Pt Nepean hearth clue to historic cooking methods


AN “exceptionally well preserved” Aboriginal hearth has been found at Point Nepean National Park.

The presence of heat retaining stones in the hearth makes it very unusual, and the only one like it found in the Port Phillip region, experts say.

Representatives of the Bunurong Land Council Aboriginal Corporation and Bunurong Land and Sea Association Traditional Owner groups, staff from Aboriginal Victoria and Parks Victoria, recently gathered to assess the site.

Samples were taken for radiocarbon dating and significant fragments kept for analysis, which Bunurong Land Council general manager Dan Turnbull says will reveal more about the area’s rich cultural history.

“The data from these samples will tell us about how our ancestors used this space, such as when they used this particular hearth, and the kinds of shell fish they cooked and ate on these heat stones,” he said.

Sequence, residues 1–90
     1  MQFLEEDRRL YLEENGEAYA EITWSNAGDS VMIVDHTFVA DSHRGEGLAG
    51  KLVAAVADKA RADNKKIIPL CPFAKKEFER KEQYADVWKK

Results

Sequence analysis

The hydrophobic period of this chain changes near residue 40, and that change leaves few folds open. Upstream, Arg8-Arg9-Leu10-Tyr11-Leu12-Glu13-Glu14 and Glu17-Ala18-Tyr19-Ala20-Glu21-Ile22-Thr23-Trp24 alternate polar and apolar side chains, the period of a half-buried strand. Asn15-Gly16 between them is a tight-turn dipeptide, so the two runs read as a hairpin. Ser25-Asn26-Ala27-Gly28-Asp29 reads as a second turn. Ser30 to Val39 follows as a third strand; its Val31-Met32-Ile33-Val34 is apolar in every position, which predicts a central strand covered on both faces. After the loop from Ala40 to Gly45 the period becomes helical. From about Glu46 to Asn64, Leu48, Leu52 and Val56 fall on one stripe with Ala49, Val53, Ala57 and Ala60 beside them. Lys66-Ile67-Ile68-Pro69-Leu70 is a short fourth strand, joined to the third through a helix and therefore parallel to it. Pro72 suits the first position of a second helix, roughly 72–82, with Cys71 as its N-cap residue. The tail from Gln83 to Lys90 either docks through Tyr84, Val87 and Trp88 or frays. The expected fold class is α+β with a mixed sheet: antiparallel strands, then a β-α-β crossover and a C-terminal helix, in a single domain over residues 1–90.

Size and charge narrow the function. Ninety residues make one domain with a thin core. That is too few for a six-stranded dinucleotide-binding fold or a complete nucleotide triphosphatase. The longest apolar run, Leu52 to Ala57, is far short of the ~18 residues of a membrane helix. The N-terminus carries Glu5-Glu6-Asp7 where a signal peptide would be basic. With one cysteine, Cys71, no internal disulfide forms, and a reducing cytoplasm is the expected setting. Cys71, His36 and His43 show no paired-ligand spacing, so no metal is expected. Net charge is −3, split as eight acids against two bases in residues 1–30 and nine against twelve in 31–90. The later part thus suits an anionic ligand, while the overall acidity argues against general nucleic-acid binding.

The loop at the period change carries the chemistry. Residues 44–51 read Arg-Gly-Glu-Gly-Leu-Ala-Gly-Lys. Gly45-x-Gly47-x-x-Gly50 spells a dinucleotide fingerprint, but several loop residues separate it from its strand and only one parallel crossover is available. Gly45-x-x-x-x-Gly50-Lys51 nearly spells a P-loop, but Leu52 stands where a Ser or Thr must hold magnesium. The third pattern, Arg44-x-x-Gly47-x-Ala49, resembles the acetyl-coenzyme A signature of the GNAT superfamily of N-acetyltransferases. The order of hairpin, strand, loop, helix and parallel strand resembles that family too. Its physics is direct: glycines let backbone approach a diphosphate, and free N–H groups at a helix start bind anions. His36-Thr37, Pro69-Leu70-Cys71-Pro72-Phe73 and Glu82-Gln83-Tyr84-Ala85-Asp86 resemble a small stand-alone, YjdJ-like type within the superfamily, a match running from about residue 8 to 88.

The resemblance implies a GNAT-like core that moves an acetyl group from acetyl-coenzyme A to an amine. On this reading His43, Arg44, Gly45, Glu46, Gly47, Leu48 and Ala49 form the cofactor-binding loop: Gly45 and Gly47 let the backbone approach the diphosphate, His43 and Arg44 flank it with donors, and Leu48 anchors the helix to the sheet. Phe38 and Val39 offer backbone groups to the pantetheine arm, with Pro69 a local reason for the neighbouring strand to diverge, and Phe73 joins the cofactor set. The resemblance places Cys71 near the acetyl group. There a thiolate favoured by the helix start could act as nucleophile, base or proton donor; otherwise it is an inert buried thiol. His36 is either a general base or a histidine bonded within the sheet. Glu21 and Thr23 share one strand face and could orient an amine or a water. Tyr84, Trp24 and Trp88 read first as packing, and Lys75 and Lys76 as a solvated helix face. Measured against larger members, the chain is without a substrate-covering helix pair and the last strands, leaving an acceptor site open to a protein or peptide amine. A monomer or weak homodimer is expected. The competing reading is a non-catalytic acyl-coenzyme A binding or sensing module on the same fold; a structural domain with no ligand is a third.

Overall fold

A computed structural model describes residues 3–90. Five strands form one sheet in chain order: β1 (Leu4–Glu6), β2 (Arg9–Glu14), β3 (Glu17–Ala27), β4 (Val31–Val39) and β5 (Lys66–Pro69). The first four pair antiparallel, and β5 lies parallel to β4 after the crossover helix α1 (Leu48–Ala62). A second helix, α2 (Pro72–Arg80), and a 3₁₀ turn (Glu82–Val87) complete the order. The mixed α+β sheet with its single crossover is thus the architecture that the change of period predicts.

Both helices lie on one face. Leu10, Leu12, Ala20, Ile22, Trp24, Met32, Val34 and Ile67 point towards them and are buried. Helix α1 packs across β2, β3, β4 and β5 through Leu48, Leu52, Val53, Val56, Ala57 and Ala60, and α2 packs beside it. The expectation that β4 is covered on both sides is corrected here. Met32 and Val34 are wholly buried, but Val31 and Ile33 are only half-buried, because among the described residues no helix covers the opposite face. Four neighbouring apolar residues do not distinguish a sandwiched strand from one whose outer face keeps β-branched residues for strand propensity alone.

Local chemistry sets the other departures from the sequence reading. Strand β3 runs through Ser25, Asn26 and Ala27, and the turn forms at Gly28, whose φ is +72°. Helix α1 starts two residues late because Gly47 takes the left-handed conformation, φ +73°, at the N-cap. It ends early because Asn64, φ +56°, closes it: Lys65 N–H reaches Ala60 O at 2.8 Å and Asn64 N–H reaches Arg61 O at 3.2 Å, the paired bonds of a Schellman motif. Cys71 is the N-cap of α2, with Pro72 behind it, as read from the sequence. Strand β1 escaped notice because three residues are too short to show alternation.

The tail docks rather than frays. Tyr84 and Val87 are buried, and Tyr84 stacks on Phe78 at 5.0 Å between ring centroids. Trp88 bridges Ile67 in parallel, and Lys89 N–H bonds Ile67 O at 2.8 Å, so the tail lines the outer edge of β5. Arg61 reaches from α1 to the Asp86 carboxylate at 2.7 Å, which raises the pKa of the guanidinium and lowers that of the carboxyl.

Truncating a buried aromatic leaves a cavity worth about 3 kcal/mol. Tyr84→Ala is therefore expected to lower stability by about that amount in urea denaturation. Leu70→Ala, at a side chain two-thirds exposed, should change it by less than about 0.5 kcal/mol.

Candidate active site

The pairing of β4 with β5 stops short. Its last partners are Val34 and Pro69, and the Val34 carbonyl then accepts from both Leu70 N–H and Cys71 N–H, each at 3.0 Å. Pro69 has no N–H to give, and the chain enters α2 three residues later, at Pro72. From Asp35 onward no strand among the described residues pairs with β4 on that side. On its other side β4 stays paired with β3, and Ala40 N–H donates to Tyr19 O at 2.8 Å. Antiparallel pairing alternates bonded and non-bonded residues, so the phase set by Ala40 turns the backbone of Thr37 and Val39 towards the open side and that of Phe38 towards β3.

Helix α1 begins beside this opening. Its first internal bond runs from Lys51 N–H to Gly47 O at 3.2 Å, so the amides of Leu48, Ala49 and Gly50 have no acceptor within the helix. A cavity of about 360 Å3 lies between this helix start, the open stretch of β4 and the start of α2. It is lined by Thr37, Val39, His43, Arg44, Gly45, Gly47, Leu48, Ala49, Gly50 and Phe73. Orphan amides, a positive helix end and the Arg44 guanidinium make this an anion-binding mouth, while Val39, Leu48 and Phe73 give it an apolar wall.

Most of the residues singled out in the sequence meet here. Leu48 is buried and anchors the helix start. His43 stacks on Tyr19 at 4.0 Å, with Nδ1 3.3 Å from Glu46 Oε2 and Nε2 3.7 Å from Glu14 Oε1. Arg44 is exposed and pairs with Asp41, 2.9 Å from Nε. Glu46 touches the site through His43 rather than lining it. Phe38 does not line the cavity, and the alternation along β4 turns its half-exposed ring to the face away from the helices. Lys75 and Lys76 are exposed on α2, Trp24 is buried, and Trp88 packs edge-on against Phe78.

“Our people have been here for over 2000 generations and we are still here. We thank Parks Victoria and Aboriginal Victoria for helping us preserve this site for future generations.”

The hearth was first noticed in an eroding sand dune late last year by a Parks Victoria ranger. Closer inspection revealed it to have a visible a layer of flat stones used as heat retainers for cooking.

The origin of these stones will also be investigated to find out if they were brought in from elsewhere.

Parks Victoria Aboriginal Heritage coordinator Barry Coombes said it was an exciting and rewarding project. “Working in partnership on this interesting project with the traditional owners, as well as staff from Aboriginal Victoria and Parks Victoria, is a very satisfying experience.

“Some of the radiocarbon from other Aboriginal hearth sites in the region date back 6000 years. However, it is thought that this hearth may be more recent, given its closeness to the current shoreline.”

First published in the Western Port News – 28 June 2016


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